Although learning how to build a TV stand with glass doors may sound complicated, it is easier than most people think. Also, building this project with glass doors will add visibility as well as protect a TV and its components from worrisome dust. This project can be built using simple shop tools, inexpensive pine lumber and finished in beautiful stains and varnish. The key to this project is using inexpensive pine plywood and a minimum of pine boards for trim.
Materials Needed for Cabinet Carcase (A measurements are in inches)
- 3/4x21x54 plywood sides (2)
- 3/4x21x34 plywood bottom (1)
- 3/4x25x42 edge joined pine boards for top (1)
- 3/4x5-3/8x36 bottom rail pine board (1)
- 3/4x4x36 top rail pine board (1)
- 3/4x1x21 bottom side cleats (2)
- 3/4x1x20 top side cleats (2)
- 3/4x1x33 top and bottom front cleats (2)
- 1/4x35x49 hardboard backing (1)
Materials for Doors
- 3/4x2-1/2x45 door stile pine boards (4)
- 3/4x2-1/2x14 top door rail pine boards (2)
- 3/4x3-3/4x14 bottom door rail pine boards (2)
- 1/8x14x40 glass panels for doors (to be trimmed to fit as required)
- 3/4x18x34-1/2 plywood shelves (3)
- 3/4x1-1/2x34-1/2 hardwood shelf reinforcing strips
Step 1: Carcase Construction
Begin the construction of the TV stand by assembling the carcase. This is done by first attaching the cleats to the tops and bottoms of the sides by gluing and screwing them together. Attach the top and bottom rails to the sides and then place the plywood bottom on top of the bottom cleats between the sides.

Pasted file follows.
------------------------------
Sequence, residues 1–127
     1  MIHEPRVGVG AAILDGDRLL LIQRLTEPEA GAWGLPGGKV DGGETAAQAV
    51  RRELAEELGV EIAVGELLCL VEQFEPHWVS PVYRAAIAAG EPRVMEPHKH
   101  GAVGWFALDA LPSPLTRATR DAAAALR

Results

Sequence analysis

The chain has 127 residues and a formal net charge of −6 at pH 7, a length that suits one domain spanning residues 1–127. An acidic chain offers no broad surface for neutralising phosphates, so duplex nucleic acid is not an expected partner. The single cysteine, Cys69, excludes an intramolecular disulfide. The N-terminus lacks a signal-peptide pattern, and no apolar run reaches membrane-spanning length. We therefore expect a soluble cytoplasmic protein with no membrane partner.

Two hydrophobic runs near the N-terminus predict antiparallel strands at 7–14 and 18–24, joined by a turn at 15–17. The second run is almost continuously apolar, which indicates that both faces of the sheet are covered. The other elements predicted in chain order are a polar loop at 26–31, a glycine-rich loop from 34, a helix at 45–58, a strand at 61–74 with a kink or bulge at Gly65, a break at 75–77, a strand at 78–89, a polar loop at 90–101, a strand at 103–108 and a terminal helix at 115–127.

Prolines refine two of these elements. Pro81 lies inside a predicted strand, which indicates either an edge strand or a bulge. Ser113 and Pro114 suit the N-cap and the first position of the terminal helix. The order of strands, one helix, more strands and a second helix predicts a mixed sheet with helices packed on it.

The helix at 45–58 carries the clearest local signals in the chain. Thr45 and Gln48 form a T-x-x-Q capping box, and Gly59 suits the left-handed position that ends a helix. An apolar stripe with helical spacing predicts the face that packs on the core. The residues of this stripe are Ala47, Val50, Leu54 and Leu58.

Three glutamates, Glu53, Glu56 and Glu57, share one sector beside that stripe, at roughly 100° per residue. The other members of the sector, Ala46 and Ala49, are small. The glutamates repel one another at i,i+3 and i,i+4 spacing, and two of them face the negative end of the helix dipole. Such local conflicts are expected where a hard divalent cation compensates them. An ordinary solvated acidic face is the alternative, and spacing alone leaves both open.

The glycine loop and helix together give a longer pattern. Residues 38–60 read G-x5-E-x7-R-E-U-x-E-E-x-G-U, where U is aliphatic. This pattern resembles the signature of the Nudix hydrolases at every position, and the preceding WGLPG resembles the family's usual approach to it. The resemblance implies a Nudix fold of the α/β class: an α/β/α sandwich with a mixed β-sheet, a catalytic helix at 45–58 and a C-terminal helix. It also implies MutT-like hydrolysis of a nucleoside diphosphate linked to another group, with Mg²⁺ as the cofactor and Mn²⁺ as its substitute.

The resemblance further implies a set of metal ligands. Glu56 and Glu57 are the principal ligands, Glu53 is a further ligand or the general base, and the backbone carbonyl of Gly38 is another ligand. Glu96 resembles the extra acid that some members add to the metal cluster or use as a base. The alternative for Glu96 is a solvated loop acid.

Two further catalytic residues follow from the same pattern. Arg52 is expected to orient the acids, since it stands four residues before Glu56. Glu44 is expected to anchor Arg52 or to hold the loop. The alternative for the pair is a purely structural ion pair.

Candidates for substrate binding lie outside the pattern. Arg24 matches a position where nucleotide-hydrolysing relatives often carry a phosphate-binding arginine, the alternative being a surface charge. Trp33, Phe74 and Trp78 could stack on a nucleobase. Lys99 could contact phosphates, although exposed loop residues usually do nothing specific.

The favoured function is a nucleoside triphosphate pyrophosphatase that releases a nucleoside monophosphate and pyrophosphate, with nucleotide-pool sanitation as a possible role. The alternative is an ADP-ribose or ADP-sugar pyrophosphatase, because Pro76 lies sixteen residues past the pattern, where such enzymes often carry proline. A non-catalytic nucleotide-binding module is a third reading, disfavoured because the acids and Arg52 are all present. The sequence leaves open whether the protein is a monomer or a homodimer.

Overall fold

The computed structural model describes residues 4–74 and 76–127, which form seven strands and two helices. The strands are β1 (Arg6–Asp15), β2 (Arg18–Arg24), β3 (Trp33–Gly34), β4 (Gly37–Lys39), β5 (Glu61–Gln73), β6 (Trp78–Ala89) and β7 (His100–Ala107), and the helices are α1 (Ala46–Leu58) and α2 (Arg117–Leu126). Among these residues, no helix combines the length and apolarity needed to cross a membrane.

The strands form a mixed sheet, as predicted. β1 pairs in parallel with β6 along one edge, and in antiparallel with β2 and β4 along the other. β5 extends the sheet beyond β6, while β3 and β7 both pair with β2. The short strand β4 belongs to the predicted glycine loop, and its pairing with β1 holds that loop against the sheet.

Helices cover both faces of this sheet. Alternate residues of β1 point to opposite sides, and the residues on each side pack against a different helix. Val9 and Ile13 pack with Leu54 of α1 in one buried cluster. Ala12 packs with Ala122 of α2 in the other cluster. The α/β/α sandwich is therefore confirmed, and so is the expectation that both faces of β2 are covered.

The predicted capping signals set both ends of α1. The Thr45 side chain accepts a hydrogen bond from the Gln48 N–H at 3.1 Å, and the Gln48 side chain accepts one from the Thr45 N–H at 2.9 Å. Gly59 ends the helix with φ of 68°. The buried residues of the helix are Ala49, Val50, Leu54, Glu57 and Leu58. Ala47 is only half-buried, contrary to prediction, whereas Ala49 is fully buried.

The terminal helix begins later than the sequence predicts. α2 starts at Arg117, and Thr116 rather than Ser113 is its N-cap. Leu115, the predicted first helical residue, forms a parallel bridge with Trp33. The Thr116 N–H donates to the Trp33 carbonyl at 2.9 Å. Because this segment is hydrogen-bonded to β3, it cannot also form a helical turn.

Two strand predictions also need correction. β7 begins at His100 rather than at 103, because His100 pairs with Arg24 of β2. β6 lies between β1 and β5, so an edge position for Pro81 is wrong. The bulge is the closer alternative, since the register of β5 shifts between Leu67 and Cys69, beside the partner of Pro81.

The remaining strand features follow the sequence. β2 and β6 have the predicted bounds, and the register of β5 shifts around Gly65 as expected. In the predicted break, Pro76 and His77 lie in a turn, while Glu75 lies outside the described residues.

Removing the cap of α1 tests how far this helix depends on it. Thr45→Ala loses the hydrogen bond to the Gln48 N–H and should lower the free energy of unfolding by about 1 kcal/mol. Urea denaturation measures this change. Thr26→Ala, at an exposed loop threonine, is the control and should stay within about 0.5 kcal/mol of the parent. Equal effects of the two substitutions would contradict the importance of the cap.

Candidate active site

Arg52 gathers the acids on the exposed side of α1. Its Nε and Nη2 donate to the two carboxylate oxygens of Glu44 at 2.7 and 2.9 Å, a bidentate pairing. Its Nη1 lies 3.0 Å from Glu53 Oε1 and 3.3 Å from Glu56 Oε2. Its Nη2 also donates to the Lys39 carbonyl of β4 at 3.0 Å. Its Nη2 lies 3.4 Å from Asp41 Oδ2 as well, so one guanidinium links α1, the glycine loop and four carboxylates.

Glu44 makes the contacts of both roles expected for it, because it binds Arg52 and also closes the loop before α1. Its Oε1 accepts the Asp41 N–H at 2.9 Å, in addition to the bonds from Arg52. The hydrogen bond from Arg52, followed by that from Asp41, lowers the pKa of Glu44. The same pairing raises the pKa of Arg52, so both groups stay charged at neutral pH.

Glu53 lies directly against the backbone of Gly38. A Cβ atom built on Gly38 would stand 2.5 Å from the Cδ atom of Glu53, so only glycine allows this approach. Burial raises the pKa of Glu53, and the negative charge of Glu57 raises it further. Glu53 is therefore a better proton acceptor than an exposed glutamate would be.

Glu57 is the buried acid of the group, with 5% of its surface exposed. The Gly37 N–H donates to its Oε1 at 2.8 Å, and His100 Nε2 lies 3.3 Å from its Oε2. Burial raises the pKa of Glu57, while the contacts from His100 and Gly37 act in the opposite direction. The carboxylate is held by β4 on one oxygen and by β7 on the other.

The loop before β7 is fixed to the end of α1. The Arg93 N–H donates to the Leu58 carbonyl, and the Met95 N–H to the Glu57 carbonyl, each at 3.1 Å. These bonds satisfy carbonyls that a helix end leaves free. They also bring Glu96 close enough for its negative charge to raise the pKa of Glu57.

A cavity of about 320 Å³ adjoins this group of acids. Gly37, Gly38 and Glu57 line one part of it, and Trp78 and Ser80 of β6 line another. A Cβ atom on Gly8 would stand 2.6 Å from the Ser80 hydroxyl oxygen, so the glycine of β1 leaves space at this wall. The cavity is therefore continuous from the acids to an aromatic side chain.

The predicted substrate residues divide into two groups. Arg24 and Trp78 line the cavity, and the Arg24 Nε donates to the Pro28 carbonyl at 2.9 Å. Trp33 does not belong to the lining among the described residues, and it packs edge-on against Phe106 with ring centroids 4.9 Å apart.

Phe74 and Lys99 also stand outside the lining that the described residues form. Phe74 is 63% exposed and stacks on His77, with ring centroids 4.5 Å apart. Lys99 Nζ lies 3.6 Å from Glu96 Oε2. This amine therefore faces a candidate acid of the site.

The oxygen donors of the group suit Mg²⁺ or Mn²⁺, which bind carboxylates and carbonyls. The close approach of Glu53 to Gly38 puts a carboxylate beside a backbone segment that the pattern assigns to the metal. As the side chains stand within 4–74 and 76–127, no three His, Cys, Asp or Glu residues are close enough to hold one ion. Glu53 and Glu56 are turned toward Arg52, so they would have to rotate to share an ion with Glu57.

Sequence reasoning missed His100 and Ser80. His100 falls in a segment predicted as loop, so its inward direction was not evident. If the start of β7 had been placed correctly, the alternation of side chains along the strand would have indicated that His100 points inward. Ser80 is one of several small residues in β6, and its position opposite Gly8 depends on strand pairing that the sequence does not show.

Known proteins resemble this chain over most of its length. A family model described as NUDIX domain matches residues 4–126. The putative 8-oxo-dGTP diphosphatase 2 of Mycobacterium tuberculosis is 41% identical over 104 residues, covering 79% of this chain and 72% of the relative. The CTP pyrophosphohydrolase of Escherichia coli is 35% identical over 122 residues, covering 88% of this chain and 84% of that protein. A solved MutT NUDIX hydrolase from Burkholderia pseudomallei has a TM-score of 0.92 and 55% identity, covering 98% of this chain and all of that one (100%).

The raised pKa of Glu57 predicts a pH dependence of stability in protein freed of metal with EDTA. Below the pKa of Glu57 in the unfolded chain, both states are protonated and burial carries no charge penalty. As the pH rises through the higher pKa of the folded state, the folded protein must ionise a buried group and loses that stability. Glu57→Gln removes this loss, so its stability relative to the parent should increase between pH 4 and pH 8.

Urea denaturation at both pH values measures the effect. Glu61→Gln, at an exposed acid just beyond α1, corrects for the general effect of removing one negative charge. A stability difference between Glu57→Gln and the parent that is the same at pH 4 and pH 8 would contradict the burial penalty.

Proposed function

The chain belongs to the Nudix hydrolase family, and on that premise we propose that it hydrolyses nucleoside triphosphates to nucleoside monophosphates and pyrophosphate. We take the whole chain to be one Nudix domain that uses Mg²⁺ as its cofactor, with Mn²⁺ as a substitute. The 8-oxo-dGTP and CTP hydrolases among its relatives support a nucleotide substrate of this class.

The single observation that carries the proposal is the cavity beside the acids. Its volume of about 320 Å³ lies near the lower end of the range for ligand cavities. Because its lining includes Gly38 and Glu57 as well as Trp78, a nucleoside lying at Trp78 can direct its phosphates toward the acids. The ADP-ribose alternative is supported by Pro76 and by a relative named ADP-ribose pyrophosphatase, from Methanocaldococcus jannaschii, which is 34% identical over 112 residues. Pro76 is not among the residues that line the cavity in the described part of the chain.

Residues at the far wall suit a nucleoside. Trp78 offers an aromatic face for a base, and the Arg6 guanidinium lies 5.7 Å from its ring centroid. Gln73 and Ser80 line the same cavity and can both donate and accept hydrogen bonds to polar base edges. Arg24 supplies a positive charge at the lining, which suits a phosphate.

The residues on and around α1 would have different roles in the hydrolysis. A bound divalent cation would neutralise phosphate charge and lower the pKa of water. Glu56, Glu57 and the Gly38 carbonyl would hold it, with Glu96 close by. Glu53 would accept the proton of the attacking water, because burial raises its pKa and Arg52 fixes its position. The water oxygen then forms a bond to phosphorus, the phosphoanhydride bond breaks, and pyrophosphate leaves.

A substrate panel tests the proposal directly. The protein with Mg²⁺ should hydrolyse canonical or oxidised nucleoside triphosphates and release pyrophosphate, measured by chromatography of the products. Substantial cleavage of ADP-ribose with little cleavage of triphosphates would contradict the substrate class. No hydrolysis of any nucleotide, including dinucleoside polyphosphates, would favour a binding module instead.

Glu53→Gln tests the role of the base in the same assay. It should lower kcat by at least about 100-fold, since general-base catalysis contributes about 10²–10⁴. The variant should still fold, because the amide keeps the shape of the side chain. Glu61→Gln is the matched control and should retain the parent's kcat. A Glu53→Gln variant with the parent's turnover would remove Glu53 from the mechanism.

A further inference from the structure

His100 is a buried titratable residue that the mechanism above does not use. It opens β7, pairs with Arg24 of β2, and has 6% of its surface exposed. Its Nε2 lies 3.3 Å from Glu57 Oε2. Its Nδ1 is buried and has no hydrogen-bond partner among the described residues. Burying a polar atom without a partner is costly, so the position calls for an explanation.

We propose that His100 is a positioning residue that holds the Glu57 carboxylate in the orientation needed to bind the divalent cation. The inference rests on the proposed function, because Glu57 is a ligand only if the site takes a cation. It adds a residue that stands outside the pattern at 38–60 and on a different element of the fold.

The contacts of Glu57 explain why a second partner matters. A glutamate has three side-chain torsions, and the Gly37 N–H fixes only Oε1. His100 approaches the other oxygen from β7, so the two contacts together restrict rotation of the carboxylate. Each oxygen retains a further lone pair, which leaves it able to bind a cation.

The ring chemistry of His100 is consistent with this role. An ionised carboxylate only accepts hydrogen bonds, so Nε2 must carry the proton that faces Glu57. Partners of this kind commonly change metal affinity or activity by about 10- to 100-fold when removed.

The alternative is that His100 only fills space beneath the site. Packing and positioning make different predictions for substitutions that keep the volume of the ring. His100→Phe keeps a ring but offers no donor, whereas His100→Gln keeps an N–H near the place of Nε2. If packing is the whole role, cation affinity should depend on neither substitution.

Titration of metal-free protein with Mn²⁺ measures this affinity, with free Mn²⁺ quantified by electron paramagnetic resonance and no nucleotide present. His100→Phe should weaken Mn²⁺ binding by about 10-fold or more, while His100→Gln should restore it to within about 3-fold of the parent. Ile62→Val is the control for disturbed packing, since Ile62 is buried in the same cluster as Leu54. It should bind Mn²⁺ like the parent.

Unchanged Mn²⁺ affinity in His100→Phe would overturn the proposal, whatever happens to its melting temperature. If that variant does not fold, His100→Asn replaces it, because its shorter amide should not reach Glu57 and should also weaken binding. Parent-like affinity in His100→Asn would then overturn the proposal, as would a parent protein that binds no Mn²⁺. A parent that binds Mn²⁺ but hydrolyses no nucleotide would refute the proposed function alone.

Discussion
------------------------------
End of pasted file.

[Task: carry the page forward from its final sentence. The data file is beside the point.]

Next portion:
Next, attach the edge joined pine boards for the top. This top can be attached by screwing wood screws from the bottom of the cleats into the bottom of the top. It is recommended that the top not be glued to facilitate removing and refinishing if required during the life of the TV stand.
Attach the hardboard backing to the edges of both sides so that it fits flush up against the bottom of the top piece and flush with the floor at the bottom of the back. Again, gluing and screwing this piece will ensure stability. When the hardboard backing is securely in place, bore holes 1-1/2 in diameter to facilitate running necessary wire for the TV and associated components. These holes will also act as ventilation for the cabinet, as electronic components will generate heat.
Step 2: Shelving and Hardware
To make this TV stand with glass doors adaptable for different sized electronic components as well as TVs, it is suggested that shelf standards are installed. These are slotted metal brackets with adjustable shelf brackets that can be moved to facilitate different heights between shelves. Shelving is made by cutting plywood to size and then adding hardwood shelf reinforcing strips on their ends to add shelf sturdiness. The shelves themselves are ordinary, but the reinforcing strips can be shaped by a router with several different bits to add accent to the cabinet.
Step 3, Doors
The doors for the TV stand should be butt-joined with the bottom and top rails butting against the side stiles. These should be glued in place, and once the glue is dried, should have a ¾ routered inner edge routered out for the glass frames.